Literacy strategies: taking a fresh look
How can we refine existing literacy approaches?
by Huntington Research School
Cognitive science is currently all the rage and one theory appears to trump all others at the moment: Cognitive load theory. The theory was introduced in the 1980s by John Sweller but in 2017 it became a began to receive more widespread attention, probably helped by Dylan Wiliam tweeting:
So what is cognitive load theory? The theory states that working memory (WM) plays an important role in the learning process. If we overload WM some information falls out so never gets transferred to Long Term Memory (LTM). CLT is based on the belief that learning is a result of changes to LTM.
In the original theory three separate types of cognitive load were identified:
Intrinsic cognitive load (manage the impact of this)
This is determined by both the complexity of the information being introduced.
Extraneous cognitive load (minimise this)
This is not determined by the intrinsic complexity of the information but rather how the information is presented, and what the learner is required to do by the instructional procedure.
Germane cognitive load (maximise this)
The ability to make explicit links to relevant LTM information that can therefore help manage the level of intrinsic cognitive load. In that sense, intrinsic and germane cognitive load were closely intertwined (which has helped inform the amendments).
What has changed with cognitive load theory?
In January 2019 Sweller et al. released a review (‘Cognitive Architecture and Instructional Design: 20 Years Later’) where they refer to what they have learnt since the theory was originally introduced and include some important amendments to the theory.
In a move from the original model germane load is now removed as a separate source of cognitive load.
The new version of the theory assumes that rather than contributing to the total load, germane cognitive load redistributes working memory resources from extraneous activities to intrinsic activities. Picture it as an enthusiastic (and intelligent) minion who is doing its utmost to find relevant links to LTM that will enable an individual to feel that a task is more manageable because of what they already know.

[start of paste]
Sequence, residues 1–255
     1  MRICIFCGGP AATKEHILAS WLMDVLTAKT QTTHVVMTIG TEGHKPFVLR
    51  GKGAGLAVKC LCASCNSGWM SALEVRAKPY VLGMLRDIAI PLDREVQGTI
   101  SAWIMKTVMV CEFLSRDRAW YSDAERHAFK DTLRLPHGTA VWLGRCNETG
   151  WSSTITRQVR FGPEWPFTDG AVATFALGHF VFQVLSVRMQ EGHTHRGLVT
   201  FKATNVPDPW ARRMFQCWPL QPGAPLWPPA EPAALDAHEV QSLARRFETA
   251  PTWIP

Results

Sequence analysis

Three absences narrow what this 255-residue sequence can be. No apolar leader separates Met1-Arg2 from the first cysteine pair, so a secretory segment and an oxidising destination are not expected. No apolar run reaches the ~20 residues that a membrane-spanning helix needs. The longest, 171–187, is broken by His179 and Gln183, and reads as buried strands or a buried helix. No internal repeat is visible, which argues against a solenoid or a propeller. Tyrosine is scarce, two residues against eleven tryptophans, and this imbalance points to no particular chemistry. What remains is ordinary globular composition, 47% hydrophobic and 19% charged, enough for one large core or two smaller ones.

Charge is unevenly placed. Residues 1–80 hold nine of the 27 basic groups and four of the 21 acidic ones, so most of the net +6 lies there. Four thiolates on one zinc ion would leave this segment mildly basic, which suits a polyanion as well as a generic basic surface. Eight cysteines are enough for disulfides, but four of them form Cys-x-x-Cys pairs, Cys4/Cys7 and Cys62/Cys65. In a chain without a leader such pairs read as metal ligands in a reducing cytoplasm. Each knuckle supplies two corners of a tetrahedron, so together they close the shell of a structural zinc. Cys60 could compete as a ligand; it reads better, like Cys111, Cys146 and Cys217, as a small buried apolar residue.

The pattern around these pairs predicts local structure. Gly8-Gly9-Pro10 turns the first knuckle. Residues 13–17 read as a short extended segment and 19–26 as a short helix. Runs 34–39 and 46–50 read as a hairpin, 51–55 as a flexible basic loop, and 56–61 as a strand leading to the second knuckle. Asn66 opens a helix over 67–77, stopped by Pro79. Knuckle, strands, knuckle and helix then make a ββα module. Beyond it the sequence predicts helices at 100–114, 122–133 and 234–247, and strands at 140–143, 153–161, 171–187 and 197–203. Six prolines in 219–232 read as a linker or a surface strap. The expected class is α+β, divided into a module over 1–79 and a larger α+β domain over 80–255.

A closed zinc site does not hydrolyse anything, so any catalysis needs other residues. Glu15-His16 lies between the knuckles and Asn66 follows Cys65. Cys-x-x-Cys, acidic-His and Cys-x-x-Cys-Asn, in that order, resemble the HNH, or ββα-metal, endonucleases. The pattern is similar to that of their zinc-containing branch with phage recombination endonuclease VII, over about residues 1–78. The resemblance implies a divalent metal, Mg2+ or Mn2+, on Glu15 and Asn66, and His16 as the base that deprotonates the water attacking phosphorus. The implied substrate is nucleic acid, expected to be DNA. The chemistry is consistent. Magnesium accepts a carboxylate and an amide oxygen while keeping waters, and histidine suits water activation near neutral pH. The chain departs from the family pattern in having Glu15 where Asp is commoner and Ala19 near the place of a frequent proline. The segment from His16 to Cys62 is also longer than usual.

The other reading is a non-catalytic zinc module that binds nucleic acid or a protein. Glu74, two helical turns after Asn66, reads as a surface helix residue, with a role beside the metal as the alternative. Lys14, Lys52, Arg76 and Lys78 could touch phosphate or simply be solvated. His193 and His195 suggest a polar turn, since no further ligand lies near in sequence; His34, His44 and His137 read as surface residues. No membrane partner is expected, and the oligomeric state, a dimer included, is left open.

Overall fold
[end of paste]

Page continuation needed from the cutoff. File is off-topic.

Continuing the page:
The inevitable critique of cognitive load theory
As can happen when a new idea gets increased attention, comment and critique can arise. (including this recent TES article) This is a vital and useful part of the process, especially when we are thinking about applying concepts to a classroom setting. Some of the criticisms about the theory have been:
- Overemphasis on teacher led instructions rather than child-led discovery approaches.
- Social and subjective elements of the learning process are side-lined, including social-emotional development, character development and values.
- There is likely to be more to processing than just space in working memory. The role of attention is important. Distraction is more likely if content is oversimplified/under-stimulating.
- Cognitive load is not measureable. There are no specified units and no way of measuring it empirically. Measurement is often based on self-report.
- There are many reasons why a child may fail to complete a task successfully (not just limited capacity of WM). WM can be overstretched at the point of instruction, students may decide not to engage with instructions as they are not interested, lack self-esteem or don’t like the teacher.
What does this mean for teachers?
To help mitigate against extraneous load, teachers must think carefully about how information is presented and explained to pupils. They must also plan lesson content and progression carefully to ensure pupils are not asked to do too much with that new information. So if I have just started Macbeth with a class I might not want my first lesson to entail reading the first scene and beginning to discuss the contextual significance of witches. Instead I might focus the first few lessons on understanding the plot and then begin to teach about relevant contextual ideas: or vice-a-versa.
Teachers obviously have a role in helping pupils make explicit links to previous learning. It is of little surprise then that new research relates CLT to self-regulated learning and learners monitoring and controlling their learning processes. That ability for pupils to pause, think back (or look back in their book) to previous learning is a useful skill, but one that will most likely need to be explicitly modelled to them because only the most successful of learners will implicitly start making links to other learning.
Despite the criticisms and the amendments, the key point of the theory was, and remains, around ensuring teaching is at the appropriate level of challenge. This is an essential consideration and it seems logical that we should be keeping this in mind at all times in our teaching.
Julie Watson, Memory and Metacognition lead, Huntington Research School
There are now handy resources related to CLT specifically designed for teachers and other educational practitioners that are well worth a look e.g. Centre for Educational Statistics and Evaluation 2017, 2018; Clark 2014; Young et al. 2014.
How can we refine existing literacy approaches?
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